Over 4.5 million people in South Sudan will require emergency food aid over the coming months. As it stands, one in every three people in the country does not have enough food.

An estimated 675,000 people are currently classified as being in emergency.

Somalia – a repeat of 2011?

Over 5 million people in Somalia are in need of emergency aid. The situation threatens a repeat of 2011, when a famine in the country cost the lives of 250,000 people.

At the moment, 320,000 children under age five are acutely malnourished, of which 50,000 are severely malnourished.

What is Trócaire doing?

Trócaire has teams working in all four affected countries – South Sudan, Somalia, Kenya and Ethiopia. We are bringing emergency food aid into the worst-hit communities and helping people to survive the current crisis.

As needs grow, we want to expand our emergency aid projects.

You can help us donating today

January 26, 2017

Dáil signals first of its kind fossil fuel divestment legislation

Trócaire welcomes ground breaking environmental Bill that will benefit the poorest communities in the world.

Yes to divest

This afternoon a majority vote was passed in the Dáil to progress the Fossil Fuel Divestment Bill to Committee stage.

The Bill calls for the withdrawal of investments of the Ireland Strategic Investment Fund (ISIF) from fossil fuel companies and ban future investments in the industry by the Fund.

Executive Director of Trócaire, Éamonn Meehan said: “Major cities from Copenhagen to Berlin to Sydney have already committed to divest from the fossil fuel industry. 

“However, if the Fossil Fuel Divestment Bill is passed, Ireland would be the first country to ban investment of public money into the fossil fuel industry.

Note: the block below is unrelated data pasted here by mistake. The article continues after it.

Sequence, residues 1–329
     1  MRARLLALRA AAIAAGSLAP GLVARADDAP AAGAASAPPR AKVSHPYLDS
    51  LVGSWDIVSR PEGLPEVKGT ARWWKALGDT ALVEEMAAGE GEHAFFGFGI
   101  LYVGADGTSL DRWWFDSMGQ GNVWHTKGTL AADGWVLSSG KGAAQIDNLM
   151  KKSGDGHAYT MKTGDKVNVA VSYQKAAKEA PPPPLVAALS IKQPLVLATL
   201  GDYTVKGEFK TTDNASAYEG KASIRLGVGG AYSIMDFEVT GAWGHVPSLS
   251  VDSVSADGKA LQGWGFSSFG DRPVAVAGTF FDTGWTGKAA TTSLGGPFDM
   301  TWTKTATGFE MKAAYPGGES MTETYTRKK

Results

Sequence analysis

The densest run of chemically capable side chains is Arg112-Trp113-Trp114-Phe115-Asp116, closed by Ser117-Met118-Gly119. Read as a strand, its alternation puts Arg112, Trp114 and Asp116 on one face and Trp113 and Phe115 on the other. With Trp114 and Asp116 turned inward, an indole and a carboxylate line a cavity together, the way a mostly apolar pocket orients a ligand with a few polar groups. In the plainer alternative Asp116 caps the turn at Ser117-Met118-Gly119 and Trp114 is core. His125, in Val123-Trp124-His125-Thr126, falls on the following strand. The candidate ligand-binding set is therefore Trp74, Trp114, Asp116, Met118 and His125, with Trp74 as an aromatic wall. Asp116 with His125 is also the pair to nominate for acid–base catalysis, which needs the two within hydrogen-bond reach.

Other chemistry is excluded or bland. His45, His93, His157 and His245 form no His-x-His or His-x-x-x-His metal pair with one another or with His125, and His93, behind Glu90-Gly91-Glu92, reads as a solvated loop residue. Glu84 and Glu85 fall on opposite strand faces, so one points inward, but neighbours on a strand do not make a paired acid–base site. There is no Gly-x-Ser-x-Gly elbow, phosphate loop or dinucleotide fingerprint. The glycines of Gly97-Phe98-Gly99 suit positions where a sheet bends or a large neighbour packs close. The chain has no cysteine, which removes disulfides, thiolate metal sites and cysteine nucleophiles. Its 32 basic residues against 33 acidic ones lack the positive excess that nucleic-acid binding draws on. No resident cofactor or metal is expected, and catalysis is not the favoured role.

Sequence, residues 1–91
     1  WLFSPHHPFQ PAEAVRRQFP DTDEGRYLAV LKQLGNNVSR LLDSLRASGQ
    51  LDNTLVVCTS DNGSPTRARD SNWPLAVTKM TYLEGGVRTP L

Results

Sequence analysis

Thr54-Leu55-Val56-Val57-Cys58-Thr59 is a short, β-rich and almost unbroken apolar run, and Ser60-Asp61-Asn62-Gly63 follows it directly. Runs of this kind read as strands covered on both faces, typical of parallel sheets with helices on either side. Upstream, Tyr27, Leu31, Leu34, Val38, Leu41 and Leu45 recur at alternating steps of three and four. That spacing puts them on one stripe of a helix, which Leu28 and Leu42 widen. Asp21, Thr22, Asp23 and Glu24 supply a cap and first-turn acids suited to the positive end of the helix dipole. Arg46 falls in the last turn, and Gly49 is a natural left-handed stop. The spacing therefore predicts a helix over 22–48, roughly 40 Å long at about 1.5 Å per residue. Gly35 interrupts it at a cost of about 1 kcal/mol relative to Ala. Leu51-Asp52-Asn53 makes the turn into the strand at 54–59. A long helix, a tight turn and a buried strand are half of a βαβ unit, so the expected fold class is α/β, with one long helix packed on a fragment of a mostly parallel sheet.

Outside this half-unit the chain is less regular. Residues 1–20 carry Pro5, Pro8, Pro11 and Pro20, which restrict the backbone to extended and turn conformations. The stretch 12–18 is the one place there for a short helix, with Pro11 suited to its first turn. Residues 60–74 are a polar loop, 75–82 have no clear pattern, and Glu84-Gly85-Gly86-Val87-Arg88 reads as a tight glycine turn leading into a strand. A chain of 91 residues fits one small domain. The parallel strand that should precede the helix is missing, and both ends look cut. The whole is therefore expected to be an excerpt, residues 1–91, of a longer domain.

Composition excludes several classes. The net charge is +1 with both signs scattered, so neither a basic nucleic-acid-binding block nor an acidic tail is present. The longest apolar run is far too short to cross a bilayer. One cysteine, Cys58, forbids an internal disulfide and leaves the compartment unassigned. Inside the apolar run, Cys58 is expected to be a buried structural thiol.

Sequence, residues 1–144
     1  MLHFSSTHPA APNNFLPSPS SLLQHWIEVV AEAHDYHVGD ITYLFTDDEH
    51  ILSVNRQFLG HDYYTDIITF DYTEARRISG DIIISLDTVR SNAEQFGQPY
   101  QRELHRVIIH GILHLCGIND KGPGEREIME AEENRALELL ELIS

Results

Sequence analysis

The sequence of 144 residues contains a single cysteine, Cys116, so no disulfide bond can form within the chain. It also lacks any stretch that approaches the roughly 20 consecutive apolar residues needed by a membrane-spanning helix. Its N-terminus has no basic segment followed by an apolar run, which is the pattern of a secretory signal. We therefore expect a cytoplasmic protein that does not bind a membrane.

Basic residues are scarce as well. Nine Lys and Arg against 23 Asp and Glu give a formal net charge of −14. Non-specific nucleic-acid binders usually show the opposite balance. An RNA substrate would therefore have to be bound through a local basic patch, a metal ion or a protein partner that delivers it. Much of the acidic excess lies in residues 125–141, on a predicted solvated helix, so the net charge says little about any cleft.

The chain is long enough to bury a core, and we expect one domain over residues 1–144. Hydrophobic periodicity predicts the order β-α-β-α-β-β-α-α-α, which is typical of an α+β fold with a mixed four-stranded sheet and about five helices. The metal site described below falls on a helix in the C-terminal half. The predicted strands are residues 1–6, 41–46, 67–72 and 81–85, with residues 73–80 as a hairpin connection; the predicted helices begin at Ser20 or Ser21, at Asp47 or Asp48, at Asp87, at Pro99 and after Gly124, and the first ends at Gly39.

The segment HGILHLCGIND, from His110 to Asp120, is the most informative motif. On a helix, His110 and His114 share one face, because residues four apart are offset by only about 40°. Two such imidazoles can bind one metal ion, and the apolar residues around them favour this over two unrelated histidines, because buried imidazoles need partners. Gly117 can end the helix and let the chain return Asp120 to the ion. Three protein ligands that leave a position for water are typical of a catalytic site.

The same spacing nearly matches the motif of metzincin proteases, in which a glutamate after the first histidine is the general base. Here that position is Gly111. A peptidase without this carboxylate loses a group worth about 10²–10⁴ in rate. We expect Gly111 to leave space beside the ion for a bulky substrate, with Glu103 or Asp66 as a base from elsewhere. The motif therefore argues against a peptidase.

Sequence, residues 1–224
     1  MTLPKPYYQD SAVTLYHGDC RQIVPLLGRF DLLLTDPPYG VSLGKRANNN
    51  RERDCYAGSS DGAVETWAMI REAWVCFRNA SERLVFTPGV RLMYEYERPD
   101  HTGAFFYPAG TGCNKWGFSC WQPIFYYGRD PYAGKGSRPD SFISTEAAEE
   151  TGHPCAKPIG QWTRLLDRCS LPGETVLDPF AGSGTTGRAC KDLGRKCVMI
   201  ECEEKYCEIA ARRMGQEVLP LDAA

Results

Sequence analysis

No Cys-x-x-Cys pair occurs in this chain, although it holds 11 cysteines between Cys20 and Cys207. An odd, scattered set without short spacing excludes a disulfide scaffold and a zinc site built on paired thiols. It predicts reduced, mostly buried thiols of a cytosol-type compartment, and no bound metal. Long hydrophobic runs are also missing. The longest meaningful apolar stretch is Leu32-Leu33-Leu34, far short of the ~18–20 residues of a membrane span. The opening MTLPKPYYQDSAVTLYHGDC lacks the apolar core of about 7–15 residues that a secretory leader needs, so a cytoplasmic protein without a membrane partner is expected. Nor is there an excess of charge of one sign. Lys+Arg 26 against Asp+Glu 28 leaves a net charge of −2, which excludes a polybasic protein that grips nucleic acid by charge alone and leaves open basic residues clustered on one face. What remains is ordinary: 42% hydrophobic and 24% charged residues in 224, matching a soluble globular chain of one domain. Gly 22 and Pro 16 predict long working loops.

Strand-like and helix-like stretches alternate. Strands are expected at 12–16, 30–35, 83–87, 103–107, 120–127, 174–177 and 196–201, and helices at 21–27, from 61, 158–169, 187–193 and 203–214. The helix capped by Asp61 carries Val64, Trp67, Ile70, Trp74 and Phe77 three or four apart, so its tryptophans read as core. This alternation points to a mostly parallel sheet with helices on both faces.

“With a climate-sceptic recently inaugurated into the White House, this move by elected representatives in Ireland will send out a powerful message.

“The Irish political system is now finally acknowledging what the overwhelming majority of people already know:  That to have a fighting chance to combat catastrophic climate change we must phase out fossil fuels and stop the growth of the industry that is driving this crisis."

hwami family zimbabwe

The Hwami family in Zimbabwe are amongst the millions of people currently experiencing devastating drought due to climate change. Photo: Caritas, 2016

“I have seen it on the ground, from Malawi to Honduras, climate change is decimating the world’s poorest communities.

“The support of a majority in the Dáil for this Bill is an incredibly important moment for the climate justice movement in Ireland and will inspire other countries to follow our lead.”

Trócaire has been campaigning for the Bill since early 2016.

January 11, 2017

How €31 can change a life in Malawi

By Emmet Bergin, Acting Country Director, Trócaire Malawi

Irrigated corn field in Malawi

A field of corn isn’t that exciting. Even to Irish eyes unused to the tall, long stalks and yellow cobs it really doesn’t get the heart pumping. 

In Malawi, however, where 6.4 million people are experiencing food shortages due to a prolonged dry season, a thriving field of maize is about as exciting as it gets. 

Malawi has sun - plenty of it, and as the Cornflakes ads attest, that’s vital to grow corn. But what Malawi doesn’t have is the other basic component: water. 

Most land is rain-fed, with rains falling within the months of December to February. The rest of the year is completely dry.

When the rains are “bad”, with lower expected rainfall, as has occurred across Eastern and Southern Africa this year, then much of Malawi’s 18 million population, 85% of whom are self-sufficient farmers, are in serious trouble. 

Because of climate change, these rainfall shortages are now becoming the norm.

If Malawi is not to face year after year of famine, the missing ingredient of water must be found. 

These fields of corn in Mganja, Lower Dedza, testify to what is possible once the right mix of specialist water engineering support, agriculture training and community commitment is available. Cost effective and simple to maintain, the water for these fields comes from the diversion of a nearby river. Without it these fields, like neighbouring communities, would be dead soils.